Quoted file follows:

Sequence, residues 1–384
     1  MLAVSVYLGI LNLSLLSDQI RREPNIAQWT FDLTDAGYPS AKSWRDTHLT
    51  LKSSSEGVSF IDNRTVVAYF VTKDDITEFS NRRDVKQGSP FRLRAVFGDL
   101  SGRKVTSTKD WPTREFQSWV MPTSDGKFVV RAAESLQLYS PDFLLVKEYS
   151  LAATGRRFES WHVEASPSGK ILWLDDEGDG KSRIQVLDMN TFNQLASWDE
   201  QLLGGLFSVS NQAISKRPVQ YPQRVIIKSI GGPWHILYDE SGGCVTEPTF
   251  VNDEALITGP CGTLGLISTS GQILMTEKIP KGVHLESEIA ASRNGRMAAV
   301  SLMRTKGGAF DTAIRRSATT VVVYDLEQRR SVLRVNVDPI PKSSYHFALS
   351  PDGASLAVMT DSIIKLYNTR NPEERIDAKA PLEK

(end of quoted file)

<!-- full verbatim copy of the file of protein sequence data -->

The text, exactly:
Sequence, residues 1–384
     1  MLAVSVYLGI LNLSLLSDQI RREPNIAQWT FDLTDAGYPS AKSWRDTHLT
    51  LKSSSEGVSF IDNRTVVAYF VTKDDITEFS NRRDVKQGSP FRLRAVFGDL
   101  SGRKVTSTKD WPTREFQSWV MPTSDGKFVV RAAESLQLYS PDFLLVKEYS
   151  LAATGRRFES WHVEASPSGK ILWLDDEGDG KSRIQVLDMN TFNQLASWDE
   201  QLLGGLFSVS NQAISKRPVQ YPQRVIIKSI GGPWHILYDE SGGCVTEPTF
   251  VNDEALITGP CGTLGLISTS GQILMTEKIP KGVHLESEIA ASRNGRMAAV
   301  SLMRTKGGAF DTAIRRSATT VVVYDLEQRR SVLRVNVDPI PKSSYHFALS
   351  PDGASLAVMT DSIIKLYNTR NPEERIDAKA PLEK